Edition:
2015
ISBN:
9789350502198
Language:
English
Size:
11.0 inch x 8.5 inch
Pages:
132 (Throughout Color Illustrations)
Other Details:
Weight of the Book: 935 gms
Price:
$60.00   Shipping Free - 4 to 6 days
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About The Book

Nose rings have through the ages been worn all over the world. The piercing of the nose is often of a ritual character. The reasons for wearing nose rings are manifold. Some aboriginal tribes used bone or boar tusks in order to appear fiercer to their enemies. Maya and Aztec nose rings were restricted to men and were used as signs of royalty.

The nose was and is a very important part of the body, piercing it is the therefore always of high significance for an individual or a community. In tribal societies nose rings can act as amulets to prevent evil spirits to enter the body. Modern youths may wear nose rings as a visual symbol of rebellion and to represent their individuality. In most cases however the nose as the most visible part of the face is decorated to enhance and brighten the individual appearance.

In India nose rings, introduced from the West in Muslim time, are holding an old jewellery tradition. It seems however that the sophisticated and eye-catching big Nath types, which were en vogue in the 20th century were not common before. More recently with the introduction of modern lifestyles the shape of nose rings was drastically reduced to small fashionable pins, larger nose rings being reserved to the wedding outfit. This book wants to preserve the memory of a bygone time and of the individual luxury of Indian women.

 

About The Autor

Waltraud Ganguly is a native German with a doctor's degree in medicine. She is married to an Indian with whom she has been exploring the Indian continent since over forty years. Her fascination for the symbol-loaded designs and the special techniques of the Indian folk jewellery made her write the present book as a guide to the typical Indian ornaments which are vanishing very fast from the common use under the economic, social and ideological changes of the last twenty years. By her documentation the author wants preserve the memory of India's artistic past and the crafts that created these work of art for the benefit of the future generations.

 

Introduction

After publishing my book about Indian ear rings in 2007, I felt that it would be equally interesting to document the nose rings of India, which I have been collecting for many years. I realised however very soon that a similarly systematic listing as I had done for the ear rings was not possible for nose rings. So I decided to show at least the great variety and beauty of the Indian nose ornaments in a picture book.

Contrary to ear ornaments, there is hardly any reliable literature about nose rings in general and in India particularly. I therefore refrained from giving the cited sources right in the text, all the more since I had to rely on numerous Internet entries, of whose Trust worthiness I could not always be sure. The quotations and facts to which I have referred should therefore be taken cautiously; I was not always able to test them for their substance. For the interested reader there is a bibliography at the end of the book, of which I recommend mainly the printed sources.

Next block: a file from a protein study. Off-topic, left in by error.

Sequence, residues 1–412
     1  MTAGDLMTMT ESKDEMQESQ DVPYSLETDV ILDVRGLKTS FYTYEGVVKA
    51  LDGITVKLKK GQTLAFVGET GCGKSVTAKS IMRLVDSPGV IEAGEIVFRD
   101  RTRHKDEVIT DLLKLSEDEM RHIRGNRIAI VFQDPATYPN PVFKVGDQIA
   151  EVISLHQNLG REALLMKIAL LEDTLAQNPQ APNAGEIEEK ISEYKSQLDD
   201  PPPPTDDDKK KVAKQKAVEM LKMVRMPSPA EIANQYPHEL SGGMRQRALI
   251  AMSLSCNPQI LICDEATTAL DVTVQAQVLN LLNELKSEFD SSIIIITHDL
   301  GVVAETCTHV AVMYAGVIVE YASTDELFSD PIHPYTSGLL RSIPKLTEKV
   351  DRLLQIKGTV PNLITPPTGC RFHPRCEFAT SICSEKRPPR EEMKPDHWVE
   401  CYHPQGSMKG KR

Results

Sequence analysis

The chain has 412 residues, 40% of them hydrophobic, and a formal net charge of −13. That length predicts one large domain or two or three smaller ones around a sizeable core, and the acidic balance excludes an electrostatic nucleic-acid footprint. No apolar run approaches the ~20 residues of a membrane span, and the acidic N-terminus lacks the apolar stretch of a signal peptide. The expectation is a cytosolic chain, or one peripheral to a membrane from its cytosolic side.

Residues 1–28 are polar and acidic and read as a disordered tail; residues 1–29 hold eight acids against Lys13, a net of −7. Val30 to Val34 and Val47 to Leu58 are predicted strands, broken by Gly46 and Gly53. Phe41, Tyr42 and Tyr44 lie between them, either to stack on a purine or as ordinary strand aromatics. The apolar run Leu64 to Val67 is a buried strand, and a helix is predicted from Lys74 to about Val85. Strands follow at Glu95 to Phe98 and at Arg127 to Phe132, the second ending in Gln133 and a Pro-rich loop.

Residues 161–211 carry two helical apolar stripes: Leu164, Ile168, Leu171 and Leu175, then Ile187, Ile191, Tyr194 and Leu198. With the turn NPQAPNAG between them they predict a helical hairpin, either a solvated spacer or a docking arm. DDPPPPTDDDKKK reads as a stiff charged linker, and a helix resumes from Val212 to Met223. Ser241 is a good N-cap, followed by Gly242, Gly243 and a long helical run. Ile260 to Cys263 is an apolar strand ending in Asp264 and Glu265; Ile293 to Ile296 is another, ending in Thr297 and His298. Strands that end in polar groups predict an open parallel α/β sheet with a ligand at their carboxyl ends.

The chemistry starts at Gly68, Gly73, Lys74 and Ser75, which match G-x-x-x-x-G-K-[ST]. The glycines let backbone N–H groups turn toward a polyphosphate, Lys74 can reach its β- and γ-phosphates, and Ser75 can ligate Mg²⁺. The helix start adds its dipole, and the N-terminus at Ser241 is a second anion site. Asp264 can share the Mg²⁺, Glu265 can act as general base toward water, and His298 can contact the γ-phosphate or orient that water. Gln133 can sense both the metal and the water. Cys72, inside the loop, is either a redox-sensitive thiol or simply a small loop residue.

Another problem lies in the nose rings themselves, which I could not always locate exactly. My knowledgeable Indian jeweller friends and I tried our best to give the nearest and most probable allocation, but there will be wrong decisions and I apologise for them. I hope that viewing the images will compensate for the unwanted scanty information.

 

Contents

 

Introduction 5
Nose rings around the world 7
Nose rings in Biblical time 10
Central Asia 12
Arabian countries 13
Mexico, Middle and South America 14
North America 16
South Pacific area and Australia in colonial time 16
Nose rings in modern time 17
Nose rings in India 19
Historical aspects of nose rings in India 21
Beliefs in connection with nose rings 27
Localisation of nose rings 28
Types and names of nose rings in India 29
Nath, bulak, phul - the basic forms 29
Techniques of wearing and making 34
Typical habits of wearing nose rings in certain regions 37
Rajasthan 37
Himachal Pradesh and Punjab 39
Odisha 44
Karnataka and Tamil Nadu 46
Catalogue of nose rings and women wearing them 47
North India - Himachal Pradesh, Punjab, Uttar Pradesh, Uttarakhand 49
West India - Rajasthan, Gujarat 72
East India - North-Eastern Provinces, Odisha 103
South India - Kerala, Tamil Nadu, Karnataka 107
Central India - Andhra pradesh, Madhya Pradesh, Maharashtra, Goa 114
Fashion nose rings and modern designs 123
Glossary 128
Bibliography 129

 

Sample Pages